Obesity Surgery

Introduction

The fact that you are reading this means that either you or someone you know is considering the life-altering decision to undergo weight loss surgery. This is an important decision, and should not be made without considering all the facts.

This booklet has been designed to help you understand the following:

  • The health problems associated with obesity
  • Advantages and disadvantages of weight loss surgery
  • Descriptions of the surgical procedure
  • Risks associated with weight loss surgery
  • The next steps to take

Please bear in mind that the information provided here is not a substitute for the opinion and advice of a qualified doctor or surgeon. Your best source of information is an experienced surgeon.

The Team

We are dedicated to providing multidisciplinary expert management of your weight problem. The team includes a specialist surgeon, an assistant surgeon, a nutritionist, and others, dedicated to treatment of and research into obesity related health problems, and of course our friendly office staff.

We are located at the Royal Prince Alfred Hospital Medical Centre in Newtown and The Mater Clinic in North Sydney. The surgery is performed at the Mater Hospital in North Sydney, backed by a great team of nurses and clinicians.

Am I a Candidate for Weight Loss Surgery?

Obesity is becoming an increasingly prominent health problem in our society. Approximately 15% of men and women in Australia are obese, with 4-6% classified as morbidly obese. This number is increasing. Obesity is associated with a number of health problems and importantly is associated with a reduced life expectancy. Body Mass Index (BMI) is a method for measuring obesity and relates to a person's height and weight. A BMI score is derived by dividing a person's weight (in kilograms) by their height (in metres) squared. BMI=wt/(ht x ht)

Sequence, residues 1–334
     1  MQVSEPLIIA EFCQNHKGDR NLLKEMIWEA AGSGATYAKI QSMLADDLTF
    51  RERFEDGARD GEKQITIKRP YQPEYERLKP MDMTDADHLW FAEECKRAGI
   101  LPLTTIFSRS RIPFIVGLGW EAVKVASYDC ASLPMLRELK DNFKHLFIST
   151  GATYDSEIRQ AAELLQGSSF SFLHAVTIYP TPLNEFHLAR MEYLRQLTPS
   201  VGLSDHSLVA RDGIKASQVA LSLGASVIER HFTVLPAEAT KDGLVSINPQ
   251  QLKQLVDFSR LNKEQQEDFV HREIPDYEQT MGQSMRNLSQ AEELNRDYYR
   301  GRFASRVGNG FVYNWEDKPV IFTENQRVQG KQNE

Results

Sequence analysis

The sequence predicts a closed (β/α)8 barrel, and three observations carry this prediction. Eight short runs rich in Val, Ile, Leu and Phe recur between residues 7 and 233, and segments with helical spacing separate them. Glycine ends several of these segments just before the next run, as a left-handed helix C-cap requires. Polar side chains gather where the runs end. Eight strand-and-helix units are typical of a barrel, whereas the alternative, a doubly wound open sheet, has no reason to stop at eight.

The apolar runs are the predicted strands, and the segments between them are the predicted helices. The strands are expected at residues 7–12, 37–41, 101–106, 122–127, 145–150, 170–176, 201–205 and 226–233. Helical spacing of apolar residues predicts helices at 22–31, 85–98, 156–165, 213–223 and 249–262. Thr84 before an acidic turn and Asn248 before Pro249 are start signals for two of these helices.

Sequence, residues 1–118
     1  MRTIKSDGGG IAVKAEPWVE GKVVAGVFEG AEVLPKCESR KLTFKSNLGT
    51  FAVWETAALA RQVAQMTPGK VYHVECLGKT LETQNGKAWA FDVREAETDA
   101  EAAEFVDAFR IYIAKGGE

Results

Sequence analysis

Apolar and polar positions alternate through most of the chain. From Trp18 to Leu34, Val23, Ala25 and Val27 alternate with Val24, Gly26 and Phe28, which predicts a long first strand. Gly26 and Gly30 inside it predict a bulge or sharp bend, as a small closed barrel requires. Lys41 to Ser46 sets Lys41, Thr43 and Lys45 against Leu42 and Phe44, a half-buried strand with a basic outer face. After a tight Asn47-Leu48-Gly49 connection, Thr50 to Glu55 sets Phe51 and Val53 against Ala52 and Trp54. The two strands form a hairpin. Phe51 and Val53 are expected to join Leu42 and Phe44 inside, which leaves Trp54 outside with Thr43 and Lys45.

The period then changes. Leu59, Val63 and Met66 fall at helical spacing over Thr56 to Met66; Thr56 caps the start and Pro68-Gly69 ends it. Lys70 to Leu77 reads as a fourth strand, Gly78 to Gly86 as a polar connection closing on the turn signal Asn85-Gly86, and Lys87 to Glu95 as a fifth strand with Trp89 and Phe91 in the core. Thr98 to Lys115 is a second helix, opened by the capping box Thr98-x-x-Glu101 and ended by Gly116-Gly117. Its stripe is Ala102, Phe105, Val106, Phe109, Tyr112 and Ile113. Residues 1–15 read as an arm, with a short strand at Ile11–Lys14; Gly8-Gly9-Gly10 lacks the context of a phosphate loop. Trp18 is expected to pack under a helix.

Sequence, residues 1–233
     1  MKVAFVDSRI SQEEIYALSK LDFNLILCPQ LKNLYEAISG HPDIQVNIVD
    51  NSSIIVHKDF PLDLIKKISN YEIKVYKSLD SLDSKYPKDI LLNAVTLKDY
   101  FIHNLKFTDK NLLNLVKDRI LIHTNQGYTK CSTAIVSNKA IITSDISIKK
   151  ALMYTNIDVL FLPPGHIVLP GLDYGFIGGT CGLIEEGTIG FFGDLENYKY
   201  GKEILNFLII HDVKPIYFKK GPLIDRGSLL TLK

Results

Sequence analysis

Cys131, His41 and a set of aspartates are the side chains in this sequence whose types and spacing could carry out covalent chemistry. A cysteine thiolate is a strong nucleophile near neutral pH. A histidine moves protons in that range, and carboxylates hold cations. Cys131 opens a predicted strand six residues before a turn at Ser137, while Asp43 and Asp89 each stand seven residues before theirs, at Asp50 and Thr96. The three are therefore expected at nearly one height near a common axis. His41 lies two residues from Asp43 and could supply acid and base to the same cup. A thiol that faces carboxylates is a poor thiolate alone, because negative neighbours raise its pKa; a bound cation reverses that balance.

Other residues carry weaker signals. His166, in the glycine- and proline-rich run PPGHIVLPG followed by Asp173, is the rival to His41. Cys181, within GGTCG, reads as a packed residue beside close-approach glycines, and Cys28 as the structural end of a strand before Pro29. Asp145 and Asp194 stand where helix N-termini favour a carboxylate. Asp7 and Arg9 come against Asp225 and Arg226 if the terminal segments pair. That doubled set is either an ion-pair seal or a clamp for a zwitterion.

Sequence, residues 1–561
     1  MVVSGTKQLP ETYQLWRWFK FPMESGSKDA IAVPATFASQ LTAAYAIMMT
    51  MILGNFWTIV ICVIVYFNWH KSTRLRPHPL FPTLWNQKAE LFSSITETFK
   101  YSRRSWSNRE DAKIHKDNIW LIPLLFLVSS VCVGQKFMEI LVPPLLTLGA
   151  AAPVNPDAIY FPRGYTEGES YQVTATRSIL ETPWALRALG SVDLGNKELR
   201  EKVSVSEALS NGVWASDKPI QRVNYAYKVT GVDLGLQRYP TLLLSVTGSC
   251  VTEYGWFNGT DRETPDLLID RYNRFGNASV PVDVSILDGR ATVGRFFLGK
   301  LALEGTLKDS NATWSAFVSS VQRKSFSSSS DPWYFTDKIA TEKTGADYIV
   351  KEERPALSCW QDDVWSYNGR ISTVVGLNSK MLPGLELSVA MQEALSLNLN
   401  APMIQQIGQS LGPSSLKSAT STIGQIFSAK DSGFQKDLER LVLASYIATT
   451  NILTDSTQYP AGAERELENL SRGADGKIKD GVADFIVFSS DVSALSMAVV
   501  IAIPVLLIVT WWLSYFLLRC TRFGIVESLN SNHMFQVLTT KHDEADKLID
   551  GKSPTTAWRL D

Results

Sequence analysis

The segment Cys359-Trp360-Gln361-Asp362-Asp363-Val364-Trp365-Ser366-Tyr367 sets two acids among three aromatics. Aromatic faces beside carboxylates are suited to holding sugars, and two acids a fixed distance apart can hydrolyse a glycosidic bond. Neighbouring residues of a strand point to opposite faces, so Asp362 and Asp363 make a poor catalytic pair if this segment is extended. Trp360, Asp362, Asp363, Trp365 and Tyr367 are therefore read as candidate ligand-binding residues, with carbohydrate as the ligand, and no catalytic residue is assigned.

For example, a person who is 183cm tall and weighs 95kg will have a BMI of 28.4

ie. 95 divided by (1.83 x 1.83). The severity of obesity is defined using the following table of BMI scores:

BMI
Normal 20-25
Overweight 25-30
Obese 30-35
Severely Obese 35-40
Morbidly Obese 40-50
Super Obese 50+

Associated health risks

There are a number of medical conditions that have a direct association with obesity. These include type 2 diabetes, hypertension, fatty liver disease, respiratory problems, female infertility, and psychological problems such as depression. Patients who are obese are more likely to suffer from coronary heart disease and stroke. There is clear evidence that obesity is associated with reduced life expectancy. Those who are morbidly, or super obese face a risk of dying that is twice that of others of the same age.

In addition to the diseases mentioned above, obesity has a number of immeasurable negative effects. Morbidly obese people often have a low sense of self-esteem and it is common for them to suffer from depression and to withdraw from social interactions at many levels.

Dieting

Those people who are able to maintain a healthy low calorie diet will be able to lose weight and maintain a normal BMI in the long term. Unfortunately for the majority of people who have become obese, dieting will only produce transient, temporary weight loss.

Randomised controlled trials have shown that surgery results in greater weight loss than diets. This weight loss is maintained over a longer period when compared with even the best of diets.